In the first part I talked about how I went about doing research for my article “What’s Your Moral Code?” published on http://www.midlifegamer.net. Now comes the tricky part: putting it all together.
Once I’d done my research and had a list of scribbled notes of things I had found fascinating, I went through it, removing anything that wasn’t relevant to my topic. So the results of a scientific study on how people react to moral situations in games stayed. The list of best fictional brands went (don’t ask me how I found that when I was supposed to be looking at morality; it’s best just to say that I’m easily distracted!).
Now with my, much shorter, notes of relevant information, I was able to go through and incorporate the facts into what I wanted to talk about. It really was as simple as that. I made little notes about when certain things should be inserted and that made the whole process easier.
This is akin to writing fiction, I discovered, in that the best way to do it is just to write and worry about editing later. Because I had planned the article out, in my head as well as on paper, it flowed onto the page quite well. Of course it wasn’t perfect by any means and I had to edit it quite severely but just getting the words down can be the hardest part.
Most articles will probably have a similar structure. They will begin with an introduction, in which the themes and subjects will be summarised, and then a few paragraphs (depending on how long the piece is) discussing various arguments or facts. Finally there will be a conclusion where everything is tied together. I had this rough structure in mind as I was writing and I knew instinctively when to wrap things up. If you feel you are making the same points over and over, that perhaps you are forcing home an idea, it could be time to skip to the end. Treat your reader as someone of relative intelligence. Most people will understand an idea without you having to constantly reinforce it in each paragraph.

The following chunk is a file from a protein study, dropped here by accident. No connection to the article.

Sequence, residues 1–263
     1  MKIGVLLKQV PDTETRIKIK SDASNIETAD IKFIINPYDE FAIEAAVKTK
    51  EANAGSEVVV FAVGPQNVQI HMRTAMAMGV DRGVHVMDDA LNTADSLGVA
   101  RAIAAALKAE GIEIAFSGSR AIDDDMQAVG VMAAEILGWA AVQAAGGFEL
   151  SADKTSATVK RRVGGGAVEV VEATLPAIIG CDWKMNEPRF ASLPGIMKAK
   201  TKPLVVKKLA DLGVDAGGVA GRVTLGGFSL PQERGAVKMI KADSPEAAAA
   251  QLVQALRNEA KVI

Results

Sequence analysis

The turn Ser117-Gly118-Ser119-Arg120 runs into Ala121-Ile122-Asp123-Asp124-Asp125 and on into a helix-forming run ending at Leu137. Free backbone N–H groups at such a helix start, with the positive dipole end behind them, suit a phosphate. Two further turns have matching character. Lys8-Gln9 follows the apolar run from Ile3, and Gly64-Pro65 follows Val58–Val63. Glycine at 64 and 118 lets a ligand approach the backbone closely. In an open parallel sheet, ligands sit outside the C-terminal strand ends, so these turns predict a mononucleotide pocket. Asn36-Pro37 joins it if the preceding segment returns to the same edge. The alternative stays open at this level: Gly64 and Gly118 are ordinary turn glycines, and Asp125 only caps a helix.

And then came the editing. Leave your writing to sit for a day or two and then look at it with fresh eyes. Mistakes will become more obvious and sentences that don’t work will jar as you are reading through. Look at other published articles for ideas to see how they word things. Most of them don’t just relate facts in straight forward sentences. There will usually be something different about them, humour or short snappy sentences and different length paragraphs. Be creative.
And always read the contributor guidelines. Make sure that you have adhered to the rules of the site/magazine that you are sending your work to. If you feel completely suffocated by their rules (“what about creativity, man?”) then perhaps find somewhere else to send your work.
The reason I think I was successful with this particular piece of work was because I was organised in my approach and had a clear plan of what I wanted to say. For non-fiction writing, I would that is pretty much vital.